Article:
Is FtsQ a monomer or a dimer?

Contradicting results have been reported on the oligomeric state of FtsQ. Bacterial two-hybrid experiments agree on FtsQ dimerization, although the region required for dimerization is different in different reports; Karimova et al. (2005) suggest that dimerization is abolished upon truncation of the C-terminal 30 residues, whereas D'Ulisse et al. (2007) indicated that FtsQ is able to self-interact as long as the transmembrane region and the cytoplasmic tail are present, both by two-hybrid analysis and by co-immune precipitation. In contrast, other co-immune precipitation experiments have shown that FtsQ does not form homodimers (Goehring et al., 2006), which was confirmed by multi-angle laser scattering with the purified, periplasmic region of G. stearothermophilus DivIB (Robson and King, 2006).

Our analytical ultracentrifugation of the periplasmic region of E. coli FtsQ shows that the protein is monomeric at a concentration of 26 μM (Fig. 4). The calculated mass is 25.9 kDa (±0.1 kDa), close to the expected mass of 26.2 kDa. The equilibrium runs of the periplasmic part of FtsQ from Y. enterocolitica, Staphylococcus aureus, Corynebacterium diphtheria and Listeria monocytogenes were run at a similar concentration and confirmed that the majority of the protein is monomeric. As these experiments were done with the major, periplasmic region of FtsQ, we cannot exclude the effect the transmembrane segment might have on the oligomerization state of FtsQ in vivo, which might enhance the local concentration and promote oligomerization.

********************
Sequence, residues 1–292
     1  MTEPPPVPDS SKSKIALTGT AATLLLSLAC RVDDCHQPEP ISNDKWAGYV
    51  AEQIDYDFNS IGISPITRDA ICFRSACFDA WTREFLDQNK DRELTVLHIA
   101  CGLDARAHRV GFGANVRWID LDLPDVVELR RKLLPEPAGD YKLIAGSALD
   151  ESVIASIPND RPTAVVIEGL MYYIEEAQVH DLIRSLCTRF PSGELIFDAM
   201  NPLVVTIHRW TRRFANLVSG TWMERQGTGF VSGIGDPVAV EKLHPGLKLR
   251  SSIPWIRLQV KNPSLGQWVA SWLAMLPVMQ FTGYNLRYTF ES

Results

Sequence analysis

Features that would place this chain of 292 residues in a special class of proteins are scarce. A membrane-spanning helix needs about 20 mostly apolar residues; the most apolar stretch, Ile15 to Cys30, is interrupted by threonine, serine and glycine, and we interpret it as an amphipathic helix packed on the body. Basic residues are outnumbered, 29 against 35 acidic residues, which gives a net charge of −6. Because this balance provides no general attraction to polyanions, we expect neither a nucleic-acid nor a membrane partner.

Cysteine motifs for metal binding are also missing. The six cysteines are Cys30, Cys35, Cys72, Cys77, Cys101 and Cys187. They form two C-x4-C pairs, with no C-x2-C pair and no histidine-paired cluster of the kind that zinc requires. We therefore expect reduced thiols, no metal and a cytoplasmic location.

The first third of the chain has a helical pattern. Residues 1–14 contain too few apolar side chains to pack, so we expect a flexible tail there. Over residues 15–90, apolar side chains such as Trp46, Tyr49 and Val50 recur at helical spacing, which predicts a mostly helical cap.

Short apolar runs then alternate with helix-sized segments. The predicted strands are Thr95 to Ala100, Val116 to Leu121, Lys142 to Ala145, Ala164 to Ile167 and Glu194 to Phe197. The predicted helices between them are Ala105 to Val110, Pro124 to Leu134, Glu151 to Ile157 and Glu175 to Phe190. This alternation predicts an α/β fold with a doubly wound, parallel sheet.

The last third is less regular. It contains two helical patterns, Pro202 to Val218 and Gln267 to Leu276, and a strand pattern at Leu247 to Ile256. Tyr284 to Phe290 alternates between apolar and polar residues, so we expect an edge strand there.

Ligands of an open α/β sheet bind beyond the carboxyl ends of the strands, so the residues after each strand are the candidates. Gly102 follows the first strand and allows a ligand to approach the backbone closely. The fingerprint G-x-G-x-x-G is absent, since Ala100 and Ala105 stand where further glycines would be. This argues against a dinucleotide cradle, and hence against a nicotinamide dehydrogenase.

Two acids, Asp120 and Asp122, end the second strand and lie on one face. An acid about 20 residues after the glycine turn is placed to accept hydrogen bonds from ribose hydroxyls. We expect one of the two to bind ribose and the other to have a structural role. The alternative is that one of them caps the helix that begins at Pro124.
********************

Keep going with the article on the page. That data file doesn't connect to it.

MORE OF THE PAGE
Figure 4.

Analytical ultracentrifugation. The periplasmic part of E. coli FtsQ was subjected to a sedimentation equilibrium run at a concentration of 26 μM.
A. The absorption at 280 nm was plotted against the radius (cm) of the cell at a speed of 20 k.r.p.m. (marked I) and 30 k.r.p.m. (marked II). The inset shows the residuals of both runs fitted as a single species (monomer).
B. The calculated mass was plotted against the concentration of the protein, and the molecular mass remains that from a monomer with increasing the concentration of the protein to 25 μM.

Mutational analysis of FtsQ

The first evidence that the two functions of FtsQ, localization and recruitment, are genetically separable came from a C-terminal deletion mutant, ftsQ2, which localized normally, but failed to recruit downstream proteins (Chen et al., 2002). To dissect the regions of FtsQ that are required for different functions further, we examined the effect of introducing point mutations on either FtsQ localization or recruitment of downstream proteins and mapped them onto the structure.